Shark Tales Are Hot Summer Fare

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“An image that I had always dreamed of…a white shark in mid-flight coming straight toward me in full battle cry,” is how Chris Fallows described this scene in South Africa’s coastal waters. His photo is part of the most popular gallery published in the seven-year history of National Geographic News. Now these breaching sharks are back in the news (see the video in the extended entry below).

Photo courtesy Apex Predators,“Home of the breaching great whites”

National Geographic News knows this time of year as the “summer slump.” Schools are out and many people are on vacation, so there is a dip in the number of visitors to our site. We look harder for stories we know draw crowds.

So it’s this time of year that we and others in the media look to sharks.

Sharks are popular any time of the year. But when it’s beach season and millions of people are enjoying the ocean, sharks are perhaps more front of mind, especially when a bather gets nipped.

The danger is more imagined than real.

Our Sharks Facts story of 2005 revealed that the United States averages just 16 shark attacks each year and slightly less than one shark-attack fatality every two years. Meanwhile, in the coastal U.S. states alone, lightning strikes and kills more than 41 people each year.

On the flip side, as many as 100,000,000 sharks die each year because of fishing, according to the Florida Museum of Natural History’s International Shark Attack File. This devastates ocean ecosystems and coastal economies that depend on them.

The ugliest part of this is that an enormous number of sharks are killed for no purpose. Last year National Geographic News reported that at least 7.8 million sharks are killed off southern Africa each year by hooks intended for other animals–wanton destruction of an ancient predator that can have no good outcome for us.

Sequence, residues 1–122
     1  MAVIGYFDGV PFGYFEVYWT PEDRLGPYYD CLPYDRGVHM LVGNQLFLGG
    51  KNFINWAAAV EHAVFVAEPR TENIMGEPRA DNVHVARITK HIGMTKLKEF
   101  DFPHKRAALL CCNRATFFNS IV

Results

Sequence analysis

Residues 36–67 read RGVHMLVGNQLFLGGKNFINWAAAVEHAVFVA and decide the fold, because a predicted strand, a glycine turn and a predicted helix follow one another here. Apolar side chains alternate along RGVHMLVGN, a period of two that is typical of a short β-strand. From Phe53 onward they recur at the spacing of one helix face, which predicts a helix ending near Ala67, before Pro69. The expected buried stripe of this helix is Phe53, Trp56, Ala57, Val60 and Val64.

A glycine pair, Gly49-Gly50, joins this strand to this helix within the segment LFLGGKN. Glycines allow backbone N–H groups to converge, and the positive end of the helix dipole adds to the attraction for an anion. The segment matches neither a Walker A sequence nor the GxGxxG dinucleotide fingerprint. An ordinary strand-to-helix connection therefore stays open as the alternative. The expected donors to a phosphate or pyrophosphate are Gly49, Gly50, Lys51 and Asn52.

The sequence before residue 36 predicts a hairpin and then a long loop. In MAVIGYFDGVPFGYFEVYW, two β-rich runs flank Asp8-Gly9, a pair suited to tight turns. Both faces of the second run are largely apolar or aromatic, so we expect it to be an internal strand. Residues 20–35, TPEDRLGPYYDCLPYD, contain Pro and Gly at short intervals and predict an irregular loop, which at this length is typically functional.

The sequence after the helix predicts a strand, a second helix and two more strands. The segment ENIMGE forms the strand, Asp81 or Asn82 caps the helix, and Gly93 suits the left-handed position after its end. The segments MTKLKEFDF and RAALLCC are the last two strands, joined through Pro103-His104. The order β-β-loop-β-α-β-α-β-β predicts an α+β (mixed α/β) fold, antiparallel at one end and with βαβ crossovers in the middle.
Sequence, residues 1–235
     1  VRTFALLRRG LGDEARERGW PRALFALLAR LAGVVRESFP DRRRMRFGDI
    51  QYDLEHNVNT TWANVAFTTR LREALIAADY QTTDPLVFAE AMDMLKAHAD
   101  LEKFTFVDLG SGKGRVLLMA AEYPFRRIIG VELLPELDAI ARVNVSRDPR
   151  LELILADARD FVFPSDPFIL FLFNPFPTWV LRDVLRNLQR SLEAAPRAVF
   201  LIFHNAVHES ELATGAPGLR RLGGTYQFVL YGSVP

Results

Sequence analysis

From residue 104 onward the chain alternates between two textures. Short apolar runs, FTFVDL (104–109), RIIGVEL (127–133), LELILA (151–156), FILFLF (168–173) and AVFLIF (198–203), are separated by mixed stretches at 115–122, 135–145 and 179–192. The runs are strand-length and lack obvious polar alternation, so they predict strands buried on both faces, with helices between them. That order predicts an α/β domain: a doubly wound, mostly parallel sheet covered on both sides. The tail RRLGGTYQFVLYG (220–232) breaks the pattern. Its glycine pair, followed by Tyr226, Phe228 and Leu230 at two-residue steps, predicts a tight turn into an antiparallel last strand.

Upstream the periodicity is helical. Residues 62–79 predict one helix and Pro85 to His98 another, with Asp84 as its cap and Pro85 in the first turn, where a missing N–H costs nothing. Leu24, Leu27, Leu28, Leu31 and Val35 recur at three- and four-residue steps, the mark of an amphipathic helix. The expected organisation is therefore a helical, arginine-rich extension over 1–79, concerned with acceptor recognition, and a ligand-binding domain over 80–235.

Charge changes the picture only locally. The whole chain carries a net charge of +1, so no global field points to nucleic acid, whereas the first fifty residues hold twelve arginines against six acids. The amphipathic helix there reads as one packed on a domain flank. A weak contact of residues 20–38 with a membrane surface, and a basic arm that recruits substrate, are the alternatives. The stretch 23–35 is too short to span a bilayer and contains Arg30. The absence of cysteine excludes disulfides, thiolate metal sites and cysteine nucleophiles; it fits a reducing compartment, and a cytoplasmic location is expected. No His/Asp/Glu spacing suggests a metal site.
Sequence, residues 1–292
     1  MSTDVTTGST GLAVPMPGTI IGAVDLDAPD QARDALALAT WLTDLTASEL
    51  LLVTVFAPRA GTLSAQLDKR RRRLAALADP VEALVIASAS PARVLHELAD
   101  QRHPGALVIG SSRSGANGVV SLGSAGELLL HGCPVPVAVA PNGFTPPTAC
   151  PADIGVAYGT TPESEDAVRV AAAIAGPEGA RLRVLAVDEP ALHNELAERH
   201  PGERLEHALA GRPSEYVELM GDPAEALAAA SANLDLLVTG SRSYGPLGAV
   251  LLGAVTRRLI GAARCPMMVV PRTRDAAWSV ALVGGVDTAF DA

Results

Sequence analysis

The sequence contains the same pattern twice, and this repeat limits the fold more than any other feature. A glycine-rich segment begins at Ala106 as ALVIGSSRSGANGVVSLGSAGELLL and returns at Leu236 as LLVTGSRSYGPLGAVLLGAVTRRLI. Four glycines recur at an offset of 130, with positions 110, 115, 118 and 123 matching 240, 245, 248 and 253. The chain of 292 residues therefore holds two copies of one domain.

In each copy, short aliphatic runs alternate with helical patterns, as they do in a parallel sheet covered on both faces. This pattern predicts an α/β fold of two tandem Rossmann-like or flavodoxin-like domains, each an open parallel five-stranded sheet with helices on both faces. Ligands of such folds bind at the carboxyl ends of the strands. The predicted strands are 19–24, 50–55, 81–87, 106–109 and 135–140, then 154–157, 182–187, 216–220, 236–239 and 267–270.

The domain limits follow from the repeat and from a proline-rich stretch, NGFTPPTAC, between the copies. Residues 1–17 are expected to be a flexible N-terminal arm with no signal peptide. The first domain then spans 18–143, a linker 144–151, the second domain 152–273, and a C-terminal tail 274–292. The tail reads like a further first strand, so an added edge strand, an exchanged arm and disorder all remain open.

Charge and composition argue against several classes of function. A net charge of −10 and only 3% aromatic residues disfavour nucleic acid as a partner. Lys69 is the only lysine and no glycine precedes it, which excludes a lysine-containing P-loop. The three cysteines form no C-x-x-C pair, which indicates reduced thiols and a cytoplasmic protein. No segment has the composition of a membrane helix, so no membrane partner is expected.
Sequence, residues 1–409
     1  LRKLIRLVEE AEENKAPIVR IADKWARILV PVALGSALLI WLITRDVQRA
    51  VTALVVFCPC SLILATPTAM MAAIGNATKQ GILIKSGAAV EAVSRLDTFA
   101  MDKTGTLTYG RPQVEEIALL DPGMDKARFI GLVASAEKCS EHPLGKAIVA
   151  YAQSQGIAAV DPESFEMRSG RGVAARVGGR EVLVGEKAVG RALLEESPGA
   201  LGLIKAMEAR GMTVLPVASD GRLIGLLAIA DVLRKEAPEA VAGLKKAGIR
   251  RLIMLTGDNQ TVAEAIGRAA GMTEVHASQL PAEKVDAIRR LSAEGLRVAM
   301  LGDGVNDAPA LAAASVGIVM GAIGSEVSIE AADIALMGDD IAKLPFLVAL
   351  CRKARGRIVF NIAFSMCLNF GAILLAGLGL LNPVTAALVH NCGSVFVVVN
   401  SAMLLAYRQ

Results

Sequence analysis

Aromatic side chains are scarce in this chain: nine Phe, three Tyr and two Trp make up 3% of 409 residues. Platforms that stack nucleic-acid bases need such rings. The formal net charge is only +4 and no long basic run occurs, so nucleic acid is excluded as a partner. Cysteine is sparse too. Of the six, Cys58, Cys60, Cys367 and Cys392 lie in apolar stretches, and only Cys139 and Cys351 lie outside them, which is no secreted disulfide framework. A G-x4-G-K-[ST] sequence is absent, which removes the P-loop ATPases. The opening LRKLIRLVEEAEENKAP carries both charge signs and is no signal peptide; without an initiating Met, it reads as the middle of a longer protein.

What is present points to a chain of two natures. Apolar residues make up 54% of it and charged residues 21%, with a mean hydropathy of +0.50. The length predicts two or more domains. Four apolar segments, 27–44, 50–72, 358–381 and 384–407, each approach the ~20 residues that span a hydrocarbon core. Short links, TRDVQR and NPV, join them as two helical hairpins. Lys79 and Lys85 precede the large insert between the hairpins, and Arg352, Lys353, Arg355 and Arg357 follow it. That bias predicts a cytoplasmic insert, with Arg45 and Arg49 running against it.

National Geographic Channel tonight airs Sharkville, a new documentary about the great white sharks of southern Africa. Here, courtesy of NGC, is a clip from the film. What we’re seeing is the first documentation of great whites hunting at night.


The science behind the remarkable hunting behavior documented in this footage is reported today in our story Great White Shark Filmed Breaching at Night — A First. Our gallery Photographing Africa’s Flying Sharks and the story will tell you more about the technique these sharks evolved to snatch seals from the air.

There’s much more for us to marvel about sharks than their power and ferocity. Understanding their behavior, as the scientist featured in Sharkville is trying to do, will help teach us how to coexist more peacefully with them. We have to learn to do this because sharks help our planet stay healthy.

Related shark stories in the news today:

  • Shark! The Great White (Washington Post Q&A with Ryan Johnson, the scientist featured in the National Geographic documentary Sharkville.)

Changing Planet


Meet the Author
More than forty years in U.S., UK, and South African media gives David Max Braun global perspective and experience across multiple storytelling platforms. His coverage of science, nature, politics, and technology has been published/broadcast by the BBC, CNN, NPR, AP, UPI, National Geographic, TechWeb, De Telegraaf, Travel World, and Argus South African Newspapers. He has published two books and won several journalism awards. In his 22-year career at National Geographic he was VP and editor in chief of National Geographic Digital Media, and the founding editor of the National Geographic Society blog, hosting a global discussion on issues resonating with the Society's mission and initiatives. He also directed the Society side of the Fulbright-National Geographic Digital Storytelling Fellowship, awarded to Americans seeking the opportunity to spend nine months abroad, engaging local communities and sharing stories from the field with a global audience. A regular expert on National Geographic Expeditions, David also lectures on storytelling for impact. He has 120,000 followers on social media: Facebook  Twitter  LinkedIn